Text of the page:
The RNA polymerase II CTD appears to interact with a number of multiprotein complexes involved in both transcription and pre-mRNA processing to produce the mature mRNA (see Fig. 1). The assembly and disassembly of processing complexes on the CTD likely occurs in a highly dynamic and temporally and spatially regulated manner during the transcription cycle. An important question then is how such transitions might be coordinated. In this regard, two newly discovered proteins, each of which possesses a different class of PPIase domain, are intriguing. PPIases catalyze cis-trans isomerization of the peptide bond on the amino-terminal side of proline residue in peptides and proteins. PPIases are classified into three distinct families. The cyclophilins and the FK506-binding proteins (FKBPs) families are sensitive to the immunosuppressant drugs cyclosporin A (CsA) and FK506, respectively. A third group is the parvulin family, which is not inhibited by those drugs. PPIases are thought to function in protein folding, trafficking, assembly/disassembly, and direct regulation of protein function (for review, see Hunter 1998; Gothel and Marahiel 1999).
Human SRcyp/SCAF10 was originally identified in a yeast two-hybrid screen as a CTD-interacting protein (Bourquin et al. 1997). SRcyp has a cyclophilin-like PPIase domain in its amino terminus and an RS-rich region similar to those found in SR proteins in its carboxy-terminal half, which also contains a CTD-interacting domain (CID; see above). Overall, this domain organization is related to that of the SCAFs, hence the name SCAF10. The rat homolog of the SRcyp, matrin CYP, was shown to possess PPIase activity in vitro (Mortillaro and Berezney 1998). SRcyp and matrin CYP were shown to colocalize in cells with the SR protein splicing factor SC35 and the snRNP protein U1-70K, respectively. Based on these findings, it was suggested that the CTD, via its proline-containing heptad repeats, may be induced to undergo conformational changes by the PPIase activity of SCAF10, and that this may help facilitate the assembly or disassembly of splicing factors on the CTD. Although these properties of SCAF10 are highly suggestive of an interesting role for SCAF10 in linking the RNAPII CTD to splicing, functional support for this idea is not yet available.
Another interesting nuclear PPIase is Ess1/Pin1, which is an evolutionarily conserved member of the parvulin family. Ess1 was initially discovered in yeast and mutations gave rise to defects in cell division (Hanes et al. 1989). The human counterpart of Ess1, Pin1, was discovered in a yeast two-hybrid screen with a cell-cycle kinase, NIMA, and depletion (by antisense) and overexpression in human cells both resulted in cell-cycle defects in G2/M phase (Lu et al. 1996). In keeping with a possible direct role in cell cycle control, Pin1 has been shown to bind in vitro to a number of mitotic regulators (Shen et al. 1998). Ess1/Pin1 possesses two distinct domains: an amino-terminal WW domain, which is involved in protein-protein interactions, and a PPIase catalytic domain. A remarkable feature of the protein is its unique substrate specificity. Ess1/Pin1 dramatically enhances (1000-3000 fold) isomerization of prolines preceded by phosphorylated serine (pSer) or threonine (pThr) compared with a proline preceded by a nonphosphorylated residue (Yaffe et al. 1997; Hani et al. 1999). The WW domain of Pin1 has been shown to be responsible for interacting with pSer/pThr-Pro motifs in target proteins (Lu et al. 1999). Ser/Thr-Pro is the core of the target sequence recognized by cyclin-dependent kinases, which fits nicely with the possibility that Ess/Pin1 functions by binding to and altering the conformation of mitotic regulators phosphorylated on Ser/Thr-Pro.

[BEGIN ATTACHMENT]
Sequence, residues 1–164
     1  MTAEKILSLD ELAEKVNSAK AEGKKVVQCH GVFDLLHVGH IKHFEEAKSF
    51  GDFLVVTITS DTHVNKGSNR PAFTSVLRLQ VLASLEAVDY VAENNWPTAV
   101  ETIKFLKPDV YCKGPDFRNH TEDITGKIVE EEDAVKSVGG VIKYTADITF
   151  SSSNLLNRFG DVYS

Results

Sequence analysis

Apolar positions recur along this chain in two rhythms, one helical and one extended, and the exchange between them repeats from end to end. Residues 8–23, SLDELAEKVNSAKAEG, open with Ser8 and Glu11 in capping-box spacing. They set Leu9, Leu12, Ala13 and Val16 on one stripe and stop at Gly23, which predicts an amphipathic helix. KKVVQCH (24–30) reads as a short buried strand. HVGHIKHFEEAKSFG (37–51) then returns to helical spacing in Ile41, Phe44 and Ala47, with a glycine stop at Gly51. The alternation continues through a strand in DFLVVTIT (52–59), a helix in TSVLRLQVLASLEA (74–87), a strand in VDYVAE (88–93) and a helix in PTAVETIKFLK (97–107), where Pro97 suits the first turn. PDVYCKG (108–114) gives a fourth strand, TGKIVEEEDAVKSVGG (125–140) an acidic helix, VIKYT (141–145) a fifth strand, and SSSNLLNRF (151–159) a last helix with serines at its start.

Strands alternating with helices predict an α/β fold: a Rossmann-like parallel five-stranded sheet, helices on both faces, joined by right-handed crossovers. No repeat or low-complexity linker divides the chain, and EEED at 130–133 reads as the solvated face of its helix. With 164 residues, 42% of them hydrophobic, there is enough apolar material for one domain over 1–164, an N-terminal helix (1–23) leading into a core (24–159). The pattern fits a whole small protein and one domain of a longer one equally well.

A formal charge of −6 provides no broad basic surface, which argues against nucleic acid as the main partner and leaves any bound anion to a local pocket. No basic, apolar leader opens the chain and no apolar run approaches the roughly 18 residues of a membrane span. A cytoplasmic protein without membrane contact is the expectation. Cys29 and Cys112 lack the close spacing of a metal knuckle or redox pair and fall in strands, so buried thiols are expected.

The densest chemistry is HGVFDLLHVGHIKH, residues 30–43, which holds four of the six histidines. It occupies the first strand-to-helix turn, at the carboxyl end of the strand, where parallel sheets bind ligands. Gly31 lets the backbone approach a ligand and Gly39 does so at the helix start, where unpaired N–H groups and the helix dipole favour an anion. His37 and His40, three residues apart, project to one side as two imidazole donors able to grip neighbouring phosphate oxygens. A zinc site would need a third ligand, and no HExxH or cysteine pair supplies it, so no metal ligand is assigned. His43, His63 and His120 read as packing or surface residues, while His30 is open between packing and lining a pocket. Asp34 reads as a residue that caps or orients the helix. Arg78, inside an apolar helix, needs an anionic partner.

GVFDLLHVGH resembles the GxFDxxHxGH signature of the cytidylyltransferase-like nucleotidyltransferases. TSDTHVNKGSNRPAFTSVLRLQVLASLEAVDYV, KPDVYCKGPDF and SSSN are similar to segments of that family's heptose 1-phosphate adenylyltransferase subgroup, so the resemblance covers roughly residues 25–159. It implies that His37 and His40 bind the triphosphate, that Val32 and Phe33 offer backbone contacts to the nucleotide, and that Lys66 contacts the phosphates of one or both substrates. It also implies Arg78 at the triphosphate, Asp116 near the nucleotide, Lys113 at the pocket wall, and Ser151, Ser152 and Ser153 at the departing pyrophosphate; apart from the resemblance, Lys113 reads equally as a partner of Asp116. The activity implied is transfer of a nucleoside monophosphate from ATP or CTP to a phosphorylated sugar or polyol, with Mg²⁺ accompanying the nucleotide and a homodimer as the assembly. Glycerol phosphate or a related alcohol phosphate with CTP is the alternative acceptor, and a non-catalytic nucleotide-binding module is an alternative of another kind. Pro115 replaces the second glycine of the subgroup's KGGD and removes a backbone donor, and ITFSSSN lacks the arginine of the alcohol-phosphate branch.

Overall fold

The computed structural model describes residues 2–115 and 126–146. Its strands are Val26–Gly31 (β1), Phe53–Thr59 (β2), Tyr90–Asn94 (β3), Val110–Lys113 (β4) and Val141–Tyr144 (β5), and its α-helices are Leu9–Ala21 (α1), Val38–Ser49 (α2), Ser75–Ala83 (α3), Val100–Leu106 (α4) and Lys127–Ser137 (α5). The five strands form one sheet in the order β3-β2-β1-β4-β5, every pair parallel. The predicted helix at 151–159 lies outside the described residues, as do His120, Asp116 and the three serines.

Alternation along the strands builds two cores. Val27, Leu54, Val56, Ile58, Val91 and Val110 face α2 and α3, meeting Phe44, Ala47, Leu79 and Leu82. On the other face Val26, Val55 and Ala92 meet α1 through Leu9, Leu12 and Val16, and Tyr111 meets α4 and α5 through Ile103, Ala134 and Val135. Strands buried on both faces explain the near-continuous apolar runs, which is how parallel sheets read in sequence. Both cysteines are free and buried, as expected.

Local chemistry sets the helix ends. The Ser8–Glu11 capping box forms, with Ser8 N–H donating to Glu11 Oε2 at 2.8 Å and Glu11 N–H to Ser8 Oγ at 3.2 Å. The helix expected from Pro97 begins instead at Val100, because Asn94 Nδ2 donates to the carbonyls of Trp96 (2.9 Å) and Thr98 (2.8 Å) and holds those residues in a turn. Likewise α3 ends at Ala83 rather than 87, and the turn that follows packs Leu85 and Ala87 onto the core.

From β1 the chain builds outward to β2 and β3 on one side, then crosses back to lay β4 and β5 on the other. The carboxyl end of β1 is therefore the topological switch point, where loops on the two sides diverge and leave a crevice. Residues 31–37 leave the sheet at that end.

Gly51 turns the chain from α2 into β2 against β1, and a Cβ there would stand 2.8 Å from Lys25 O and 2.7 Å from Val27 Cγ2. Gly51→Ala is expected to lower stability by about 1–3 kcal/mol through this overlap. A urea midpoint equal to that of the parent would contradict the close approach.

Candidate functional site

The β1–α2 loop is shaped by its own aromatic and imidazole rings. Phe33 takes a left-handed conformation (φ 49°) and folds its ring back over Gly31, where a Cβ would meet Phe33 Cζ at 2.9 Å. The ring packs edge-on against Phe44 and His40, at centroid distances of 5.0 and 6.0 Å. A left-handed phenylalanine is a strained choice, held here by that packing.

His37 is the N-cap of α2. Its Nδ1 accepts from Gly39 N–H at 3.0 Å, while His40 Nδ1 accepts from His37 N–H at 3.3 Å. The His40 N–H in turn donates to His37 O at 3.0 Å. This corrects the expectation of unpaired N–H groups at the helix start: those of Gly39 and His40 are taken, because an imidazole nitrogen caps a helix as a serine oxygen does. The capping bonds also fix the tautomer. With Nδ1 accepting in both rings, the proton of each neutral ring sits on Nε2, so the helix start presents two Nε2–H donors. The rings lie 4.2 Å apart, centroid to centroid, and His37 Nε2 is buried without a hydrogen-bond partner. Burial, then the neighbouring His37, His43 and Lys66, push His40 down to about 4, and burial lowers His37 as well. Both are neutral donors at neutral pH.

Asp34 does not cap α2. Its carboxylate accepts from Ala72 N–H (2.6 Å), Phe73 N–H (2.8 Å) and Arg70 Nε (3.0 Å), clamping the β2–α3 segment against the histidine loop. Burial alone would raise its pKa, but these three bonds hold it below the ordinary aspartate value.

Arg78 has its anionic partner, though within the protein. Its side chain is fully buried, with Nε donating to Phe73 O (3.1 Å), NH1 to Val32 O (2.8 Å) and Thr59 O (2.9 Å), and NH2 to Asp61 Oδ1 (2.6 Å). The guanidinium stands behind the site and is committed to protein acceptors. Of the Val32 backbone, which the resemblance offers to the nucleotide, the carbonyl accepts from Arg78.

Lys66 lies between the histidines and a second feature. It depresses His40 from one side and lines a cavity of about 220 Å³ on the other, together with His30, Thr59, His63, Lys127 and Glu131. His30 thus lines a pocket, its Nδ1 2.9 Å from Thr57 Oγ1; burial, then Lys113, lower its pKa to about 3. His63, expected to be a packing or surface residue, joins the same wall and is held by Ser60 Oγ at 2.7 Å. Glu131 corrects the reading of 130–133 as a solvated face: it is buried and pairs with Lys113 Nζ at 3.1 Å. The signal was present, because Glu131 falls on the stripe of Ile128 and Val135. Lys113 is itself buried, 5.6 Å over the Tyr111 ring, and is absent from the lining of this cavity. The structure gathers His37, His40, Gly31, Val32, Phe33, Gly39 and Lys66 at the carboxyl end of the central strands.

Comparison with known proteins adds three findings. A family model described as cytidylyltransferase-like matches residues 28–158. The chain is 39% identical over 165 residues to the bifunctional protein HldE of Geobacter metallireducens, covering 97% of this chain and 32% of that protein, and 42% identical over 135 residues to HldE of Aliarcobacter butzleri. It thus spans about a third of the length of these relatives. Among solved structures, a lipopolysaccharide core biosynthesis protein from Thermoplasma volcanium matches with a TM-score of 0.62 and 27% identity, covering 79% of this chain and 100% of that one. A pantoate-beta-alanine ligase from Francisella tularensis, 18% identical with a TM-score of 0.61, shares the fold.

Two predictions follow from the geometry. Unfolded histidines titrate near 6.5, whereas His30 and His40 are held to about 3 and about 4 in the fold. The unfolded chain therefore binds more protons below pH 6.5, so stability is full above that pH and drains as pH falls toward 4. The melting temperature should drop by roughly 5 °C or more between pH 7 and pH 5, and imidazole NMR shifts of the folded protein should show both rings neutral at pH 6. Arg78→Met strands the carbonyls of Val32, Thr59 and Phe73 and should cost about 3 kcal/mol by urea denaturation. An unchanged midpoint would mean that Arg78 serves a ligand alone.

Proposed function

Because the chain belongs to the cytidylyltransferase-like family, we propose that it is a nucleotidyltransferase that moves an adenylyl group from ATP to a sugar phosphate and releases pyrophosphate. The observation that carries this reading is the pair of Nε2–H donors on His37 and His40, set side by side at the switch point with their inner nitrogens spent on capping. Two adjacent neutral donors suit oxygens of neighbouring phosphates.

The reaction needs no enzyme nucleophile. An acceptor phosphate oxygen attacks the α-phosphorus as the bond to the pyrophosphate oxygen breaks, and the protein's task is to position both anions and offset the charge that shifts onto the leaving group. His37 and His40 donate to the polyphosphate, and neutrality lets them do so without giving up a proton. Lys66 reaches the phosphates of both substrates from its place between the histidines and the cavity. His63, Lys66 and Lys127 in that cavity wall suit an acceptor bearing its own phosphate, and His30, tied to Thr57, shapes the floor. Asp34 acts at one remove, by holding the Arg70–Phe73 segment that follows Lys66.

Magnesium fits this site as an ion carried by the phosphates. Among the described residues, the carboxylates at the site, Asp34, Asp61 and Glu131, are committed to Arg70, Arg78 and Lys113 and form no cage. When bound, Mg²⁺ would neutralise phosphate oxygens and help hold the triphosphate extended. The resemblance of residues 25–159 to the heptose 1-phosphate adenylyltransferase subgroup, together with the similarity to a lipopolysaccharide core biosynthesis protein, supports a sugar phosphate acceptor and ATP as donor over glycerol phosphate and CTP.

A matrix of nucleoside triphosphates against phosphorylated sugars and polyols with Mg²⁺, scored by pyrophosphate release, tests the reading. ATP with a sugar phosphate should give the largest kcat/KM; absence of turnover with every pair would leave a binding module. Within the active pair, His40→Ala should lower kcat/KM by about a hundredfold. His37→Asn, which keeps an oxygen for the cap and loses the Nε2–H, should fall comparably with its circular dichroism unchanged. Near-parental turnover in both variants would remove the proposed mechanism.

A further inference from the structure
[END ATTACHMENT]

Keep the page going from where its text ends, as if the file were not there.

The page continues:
But compelling evidence also suggests that Ess1/Pin1 functions in mRNA 3'-end formation by linking the processing reaction to transcription (see Fig. 4). As mentioned above, Ess1 was uncovered in a genetic screen for ts mutations affecting proteins that function in mRNA 3'-end formation. The screen was designed to be very specific for 3'-end formation, and indeed mRNAs with unprocessed 3' ends could be detected at the nonpermissive temperature (Hani et al. 1995, 1999). Pointing to a link with the CTD, a biochemical selection employing phosphorylated GST-CTD and a yeast extract identified Ess1 as the major interacting protein (Morris et al. 1999). The interaction is specific for the phosphorylated form of the CTD, and RNAP II0 appears to be the major Ess1/Pin1 interacting protein, in humans (Albert et al. 1999) as well as yeast, likely reflecting the abundance of the pSer-Pro dipeptides in the phosphorylated CTD. Especially given that the genetic screen specifically identified mutants defect in PPIase activity, an attractive model is that Ess1/Pin1 effects a conformational change in the phosphorylated CTD that leads to enhanced efficiency of 3'-end formation. It is also possible that changes in the CTD and/or complexed proteins affect subsequent transcription termination (see below).
The above discussion suggests that Ess1/Pin1 may well be a bifunctional protein, participating directly in cell cycle control and mRNA 3'-end formation. However, it is also conceivable that at least some of the cell cycle arrest phenotype could be indirect, reflecting changes in gene expression as a result of defects in 3'-end formation. For example, mutations in certain splicing factors in fission yeast have been shown to display cell cycle phenotypes (Potashkin et al. 1998), and genetic depletion of the polyadenylation factor CstF-64 in chicken DT40 cells causes cell-cycle arrest (Takagaki and Manley 1998).